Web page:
More than 1,600 IT specialists and engineers offered jobs in the UK were denied visas between December and March, BBC News has learned.
They were denied because the number applying exceeded the monthly limit allowed to enter the UK.
Critics argue that the immigration policy will hamper the government’s efforts to develop a high-tech economy.
The government said it was important that employers look to recruit from the UK before looking overseas.
The figures were obtained by the Campaign for Science and Engineering (Case).
Case’s executive director, Dr Sarah Main, said that job offers in areas where there were clear shortages, such as science and engineering, should be exempt from the Home Office cap.
“The tragedy is that this policy doesn’t work for anyone: the government, employers or the public,” she said.
“The government repeats its mantra that Britain should be open to the brightest and the best, and yet this policy specifically rejects those people.”
Between December 2017 and March 2018, the Home Office received an unexpectedly high volume of applications from employers who had offered jobs to non-EU workers.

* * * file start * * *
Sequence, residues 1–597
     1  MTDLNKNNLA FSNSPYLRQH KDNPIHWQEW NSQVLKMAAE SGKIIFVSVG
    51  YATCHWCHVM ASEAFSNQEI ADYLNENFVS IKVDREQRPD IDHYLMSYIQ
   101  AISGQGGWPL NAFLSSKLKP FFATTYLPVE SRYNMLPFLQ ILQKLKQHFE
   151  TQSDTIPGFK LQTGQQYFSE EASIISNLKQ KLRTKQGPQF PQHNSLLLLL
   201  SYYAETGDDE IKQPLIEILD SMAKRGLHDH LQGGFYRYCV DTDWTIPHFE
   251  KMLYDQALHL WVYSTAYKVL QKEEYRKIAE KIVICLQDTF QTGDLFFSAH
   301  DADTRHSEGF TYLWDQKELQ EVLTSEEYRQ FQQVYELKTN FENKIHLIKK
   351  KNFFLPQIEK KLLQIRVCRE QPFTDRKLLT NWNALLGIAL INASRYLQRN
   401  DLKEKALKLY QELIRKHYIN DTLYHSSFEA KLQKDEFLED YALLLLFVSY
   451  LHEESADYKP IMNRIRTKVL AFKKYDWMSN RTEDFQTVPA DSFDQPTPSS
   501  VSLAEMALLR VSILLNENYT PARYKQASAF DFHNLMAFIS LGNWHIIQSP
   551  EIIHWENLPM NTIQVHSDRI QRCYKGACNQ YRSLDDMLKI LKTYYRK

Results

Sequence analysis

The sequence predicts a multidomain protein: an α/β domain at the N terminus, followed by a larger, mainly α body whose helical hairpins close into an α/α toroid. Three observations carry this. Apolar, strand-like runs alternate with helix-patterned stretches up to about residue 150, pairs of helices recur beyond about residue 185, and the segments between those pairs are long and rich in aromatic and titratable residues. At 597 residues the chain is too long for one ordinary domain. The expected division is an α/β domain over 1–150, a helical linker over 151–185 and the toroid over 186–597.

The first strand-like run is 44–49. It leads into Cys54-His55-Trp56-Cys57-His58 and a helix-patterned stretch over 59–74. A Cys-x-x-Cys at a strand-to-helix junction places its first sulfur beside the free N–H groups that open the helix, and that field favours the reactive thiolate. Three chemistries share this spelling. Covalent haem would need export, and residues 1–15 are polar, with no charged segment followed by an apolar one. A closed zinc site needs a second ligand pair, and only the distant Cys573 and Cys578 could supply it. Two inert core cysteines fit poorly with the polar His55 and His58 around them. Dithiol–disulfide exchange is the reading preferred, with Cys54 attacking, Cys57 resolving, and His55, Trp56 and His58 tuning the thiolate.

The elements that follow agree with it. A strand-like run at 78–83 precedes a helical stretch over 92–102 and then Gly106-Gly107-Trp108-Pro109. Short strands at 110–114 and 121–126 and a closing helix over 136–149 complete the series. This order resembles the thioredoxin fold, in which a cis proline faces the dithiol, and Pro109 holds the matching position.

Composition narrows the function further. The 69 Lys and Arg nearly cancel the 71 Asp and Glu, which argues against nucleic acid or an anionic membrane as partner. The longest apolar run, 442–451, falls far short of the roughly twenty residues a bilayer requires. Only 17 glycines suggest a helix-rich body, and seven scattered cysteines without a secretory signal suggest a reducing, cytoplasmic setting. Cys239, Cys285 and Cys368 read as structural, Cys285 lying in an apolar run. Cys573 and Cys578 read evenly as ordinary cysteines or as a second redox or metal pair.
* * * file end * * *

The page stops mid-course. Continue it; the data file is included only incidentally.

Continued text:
The so-called Tier 2 visa system was introduced by Theresa May when she was home secretary as a means of capping the number of skilled workers from outside the European Union who had a job offer.
Their prospective employers had to demonstrate that they had not been able to find a suitable applicant in the UK. Until December 2017, the limit had been exceeded once in almost six years this was in June 2015 when 66 applications were refused for engineering roles.
The cap is set at 20,700 per year, with a monthly limit of about 1,600.
Home Office figures show that in December, January and February nearly half of all applicants were denied visas and in March the number of refusals exceeded 50% for the first time. (Excerpts from BBC)